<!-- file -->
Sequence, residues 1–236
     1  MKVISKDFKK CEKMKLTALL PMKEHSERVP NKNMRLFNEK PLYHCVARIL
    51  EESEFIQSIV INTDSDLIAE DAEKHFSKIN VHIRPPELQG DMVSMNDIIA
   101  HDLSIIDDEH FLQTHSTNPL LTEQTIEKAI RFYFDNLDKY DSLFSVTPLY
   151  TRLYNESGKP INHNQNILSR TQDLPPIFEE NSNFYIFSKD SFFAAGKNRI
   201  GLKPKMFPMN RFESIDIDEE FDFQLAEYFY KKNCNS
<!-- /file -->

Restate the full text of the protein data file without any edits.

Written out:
Sequence, residues 1–236
     1  MKVISKDFKK CEKMKLTALL PMKEHSERVP NKNMRLFNEK PLYHCVARIL
    51  EESEFIQSIV INTDSDLIAE DAEKHFSKIN VHIRPPELQG DMVSMNDIIA
   101  HDLSIIDDEH FLQTHSTNPL LTEQTIEKAI RFYFDNLDKY DSLFSVTPLY
   151  TRLYNESGKP INHNQNILSR TQDLPPIFEE NSNFYIFSKD SFFAAGKNRI
   201  GLKPKMFPMN RFESIDIDEE FDFQLAEYFY KKNCNS